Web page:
Monday, September 22, 2008

Contemporary Christian Novels

Contemporary Christian novels try too hard to be Christian, but not hard enough to be good.

By this I mean, in part, that they are generally overtly Christian, forcing themselves into a genre or "market," when they should first try to be good literature.

If one has a well-grounded Christian worldview, then it should arise naturally in the writing, not in a contrived sense.

Perhaps one root of the problem is a dearth of depth in reference to Christian novelists with a well-grounded worldview?

4 comments:

Adam D said...

I'm tempted to say that this idea can be applied to all of the arts (there being also so much terrible 'Christian music' and 'Christian cinema' etc.) and to lament that a secular culture produces most of the best art today. But then I can think of plenty of exceptions going both ways -- actually good Christian art and very bad secular art -- and I wonder if the problem is rather quite different. Perhaps, there is just too much produced and not enough vetting process.

It seems as though, a couple generations ago, going back to antiquity, art was produced by fewer people, to higher standards. And, of course, nearly all of it was religious art ... at least in assuming a religious worldview. And today, we have such abundant wealth, many more people are producing art and so there's more bad stuff produced and less process for elevating what is of real quality. But, within our pluralistic society, we Christians are rooting especially for the Christian stuff to be exceptionally good (to win a battle in the war of ideas against the secular side) and so lament that we fail so much, though really there's plenty of failure as to the quality of art to go around, regardless of worldview.

But then, I second guess that assessment too, and wonder if the past produced a ton of dreck as well, but the passage of time has seen the bad work thrown in the rubbish while the great work gets handed down as classics ...

In any case, though I have a jumble of half-thoughts on the subject, basically I agree with you. It'd be good to see more good literature, that is Christian and less 'Christian literature.'

Robert Velarde said...

Good thoughts, Adam. I think a contributor to the problem of sloppy artistic expression in Christianity - in literature, art, music, etc. - is the fact that too many Christians do not have a biblical understanding of art in relation to their faith.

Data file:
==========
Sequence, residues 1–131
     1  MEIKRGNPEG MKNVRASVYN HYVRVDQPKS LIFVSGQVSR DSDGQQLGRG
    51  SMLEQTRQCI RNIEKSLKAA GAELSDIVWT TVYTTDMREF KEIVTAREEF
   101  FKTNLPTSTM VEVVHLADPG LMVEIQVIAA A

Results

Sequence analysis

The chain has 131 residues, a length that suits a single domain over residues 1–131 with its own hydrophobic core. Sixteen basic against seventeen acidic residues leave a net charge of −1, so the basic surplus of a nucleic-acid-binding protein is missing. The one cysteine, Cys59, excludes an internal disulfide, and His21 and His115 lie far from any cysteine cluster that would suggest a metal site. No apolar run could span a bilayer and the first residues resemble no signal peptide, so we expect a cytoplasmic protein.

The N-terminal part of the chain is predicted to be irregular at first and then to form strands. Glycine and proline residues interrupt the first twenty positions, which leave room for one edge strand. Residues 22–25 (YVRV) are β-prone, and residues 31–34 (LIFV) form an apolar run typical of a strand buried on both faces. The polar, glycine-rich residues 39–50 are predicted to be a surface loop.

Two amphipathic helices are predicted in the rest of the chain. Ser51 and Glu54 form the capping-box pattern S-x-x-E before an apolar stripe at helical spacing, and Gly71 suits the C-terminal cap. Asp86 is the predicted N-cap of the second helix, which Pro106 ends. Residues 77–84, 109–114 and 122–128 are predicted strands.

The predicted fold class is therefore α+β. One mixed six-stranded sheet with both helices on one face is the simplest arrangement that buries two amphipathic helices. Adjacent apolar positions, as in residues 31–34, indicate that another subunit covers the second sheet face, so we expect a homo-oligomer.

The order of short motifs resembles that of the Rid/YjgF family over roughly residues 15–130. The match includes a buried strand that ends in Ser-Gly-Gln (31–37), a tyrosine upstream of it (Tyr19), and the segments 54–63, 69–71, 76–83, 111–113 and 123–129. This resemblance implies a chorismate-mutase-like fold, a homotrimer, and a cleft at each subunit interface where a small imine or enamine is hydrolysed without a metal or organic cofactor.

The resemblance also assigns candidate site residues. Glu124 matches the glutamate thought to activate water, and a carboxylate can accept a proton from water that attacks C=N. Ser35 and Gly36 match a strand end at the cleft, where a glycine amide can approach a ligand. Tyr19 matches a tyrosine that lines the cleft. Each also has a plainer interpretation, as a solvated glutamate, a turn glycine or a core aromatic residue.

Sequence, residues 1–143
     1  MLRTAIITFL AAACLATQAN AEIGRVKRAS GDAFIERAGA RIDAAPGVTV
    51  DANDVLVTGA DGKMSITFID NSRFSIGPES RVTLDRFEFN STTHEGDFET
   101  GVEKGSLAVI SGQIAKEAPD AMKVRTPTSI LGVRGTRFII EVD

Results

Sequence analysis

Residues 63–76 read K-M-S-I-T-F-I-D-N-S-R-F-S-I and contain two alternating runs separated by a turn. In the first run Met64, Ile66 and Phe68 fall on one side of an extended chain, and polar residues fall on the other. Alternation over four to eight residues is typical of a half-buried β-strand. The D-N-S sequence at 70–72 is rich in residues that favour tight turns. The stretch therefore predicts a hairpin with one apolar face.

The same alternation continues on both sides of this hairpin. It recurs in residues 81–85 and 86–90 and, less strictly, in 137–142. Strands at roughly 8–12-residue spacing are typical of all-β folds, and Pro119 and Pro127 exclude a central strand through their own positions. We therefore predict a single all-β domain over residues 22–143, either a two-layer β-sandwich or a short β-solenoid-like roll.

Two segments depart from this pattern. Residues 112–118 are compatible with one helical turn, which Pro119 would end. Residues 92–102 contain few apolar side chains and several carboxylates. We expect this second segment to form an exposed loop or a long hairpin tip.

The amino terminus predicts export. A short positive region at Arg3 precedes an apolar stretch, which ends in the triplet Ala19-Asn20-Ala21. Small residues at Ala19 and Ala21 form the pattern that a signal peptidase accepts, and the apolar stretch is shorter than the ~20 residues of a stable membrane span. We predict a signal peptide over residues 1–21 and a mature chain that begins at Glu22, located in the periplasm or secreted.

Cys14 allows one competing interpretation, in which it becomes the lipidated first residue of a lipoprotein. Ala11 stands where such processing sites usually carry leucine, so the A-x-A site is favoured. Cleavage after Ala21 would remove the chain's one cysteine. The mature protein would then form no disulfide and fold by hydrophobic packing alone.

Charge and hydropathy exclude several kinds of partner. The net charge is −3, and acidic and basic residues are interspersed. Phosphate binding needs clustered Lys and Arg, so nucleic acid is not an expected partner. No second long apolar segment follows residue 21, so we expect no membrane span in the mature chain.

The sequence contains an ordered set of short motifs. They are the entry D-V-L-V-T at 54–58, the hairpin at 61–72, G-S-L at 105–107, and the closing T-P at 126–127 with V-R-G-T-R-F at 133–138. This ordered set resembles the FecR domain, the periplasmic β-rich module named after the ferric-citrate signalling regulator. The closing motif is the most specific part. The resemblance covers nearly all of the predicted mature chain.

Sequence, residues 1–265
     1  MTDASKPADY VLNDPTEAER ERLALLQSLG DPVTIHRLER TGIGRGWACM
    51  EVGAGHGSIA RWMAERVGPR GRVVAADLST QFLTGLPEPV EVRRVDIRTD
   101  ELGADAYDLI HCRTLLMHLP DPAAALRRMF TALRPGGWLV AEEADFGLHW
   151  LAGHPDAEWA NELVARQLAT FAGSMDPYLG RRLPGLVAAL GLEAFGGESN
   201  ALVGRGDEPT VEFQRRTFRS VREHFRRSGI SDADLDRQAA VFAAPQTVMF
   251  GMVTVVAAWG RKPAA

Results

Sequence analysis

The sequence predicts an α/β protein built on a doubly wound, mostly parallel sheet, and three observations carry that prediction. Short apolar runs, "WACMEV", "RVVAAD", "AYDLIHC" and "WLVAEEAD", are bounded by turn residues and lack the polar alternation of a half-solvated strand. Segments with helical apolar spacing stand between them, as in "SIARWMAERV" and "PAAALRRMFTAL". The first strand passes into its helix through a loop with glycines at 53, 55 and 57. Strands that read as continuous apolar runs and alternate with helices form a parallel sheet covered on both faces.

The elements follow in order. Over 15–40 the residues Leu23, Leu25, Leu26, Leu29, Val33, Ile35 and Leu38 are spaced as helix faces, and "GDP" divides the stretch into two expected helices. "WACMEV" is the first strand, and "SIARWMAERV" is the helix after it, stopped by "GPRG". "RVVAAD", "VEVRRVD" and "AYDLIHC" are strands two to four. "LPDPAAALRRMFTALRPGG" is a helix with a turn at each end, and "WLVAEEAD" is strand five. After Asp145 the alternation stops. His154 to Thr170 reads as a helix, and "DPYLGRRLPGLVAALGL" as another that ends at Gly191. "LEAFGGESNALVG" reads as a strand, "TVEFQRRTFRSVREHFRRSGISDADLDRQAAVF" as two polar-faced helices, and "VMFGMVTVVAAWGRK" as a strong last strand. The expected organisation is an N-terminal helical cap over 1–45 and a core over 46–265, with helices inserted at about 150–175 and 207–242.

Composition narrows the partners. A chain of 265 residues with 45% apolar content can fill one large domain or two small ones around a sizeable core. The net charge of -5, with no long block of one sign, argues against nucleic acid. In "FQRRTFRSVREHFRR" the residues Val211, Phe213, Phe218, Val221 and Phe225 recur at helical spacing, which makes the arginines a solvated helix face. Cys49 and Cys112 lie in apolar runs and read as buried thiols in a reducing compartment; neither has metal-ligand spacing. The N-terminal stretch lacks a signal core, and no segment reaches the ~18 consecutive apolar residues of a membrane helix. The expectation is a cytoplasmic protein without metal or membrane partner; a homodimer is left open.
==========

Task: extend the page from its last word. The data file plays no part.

There is a failure to realize beauty in art and instead a tendency to buy into the false worldview ideas that art is whatever we want it to be - it is totally subjective, we think. Therefore, true art, much less true appreciation of art, escapes us.

See Art and the Bible by Francis Schaeffer for a great and short antidote to this problem. For longer antidotes see An Experiment in Criticism by C.S. Lewis and All God's Children and Blue Suede Shoes by Kenneth Myers.

I think another contributing factor is the "me, too" mentality in Christian art (and I include literature, music, and so forth). We attempt too much to copy what is popular and mainstream, but we do it, too often, poorly. This results in imitations that are clearly imitations. We end up with vinyl instead of leather, plastic instead of pearl.

Every era has its share of crummy art and, yes, time generally sifts through the mess to pull out the winners (not always). Nevertheless, I can't help but think that a better understanding of Christianity and its relationship to art, combined with talent and education in our respective fields, would help transform what we produce from mostly garbage to more gems in the rubble of contemporary art of all kinds.

In reference to literature, I would also add that we are, on the whole, no longer good readers of great literature. We, therefore, do not understand how to write in such a way that is timeless, relevant, deep, moving, and true. Instead, we have the trendy, the superficial, the sloppy, the disjointed, and the unintegrated.

Adam D said...

I would also add that we are, on the whole, no longer good readers of great literature. We, therefore, do not understand how to write in such a way that is timeless, relevant, deep, moving, and true. Instead, we have the trendy, the superficial, the sloppy, the disjointed, and the unintegrated.

You ain't kidding. I see this so clearly every time someone gushes about what a great writer Dan Brown is, or even J.K. Rowling whose stories I like a lot, but high literature they just aren't! What we need is to hear more people gush about what a great writer Robert Velarde is, eh? ;)

Robert Velarde said...

Yeah, don't I wish! :-) Conversations with C.S. Lewis is my first foray into the realm of creative fiction. I have much to learn.

I agree that, overall, Rowling's writing could be much better. I particularly dislike many of her awkward adverbs.

I enjoy Hemingway for his simplicity of style. More recently (early 70s), Richard Adams did a fine job, stylistically, in Watership Down. Till We Have Faces by C.S. Lewis is perhaps his finest fictional achievement.

Reading the Great Books series helps, too.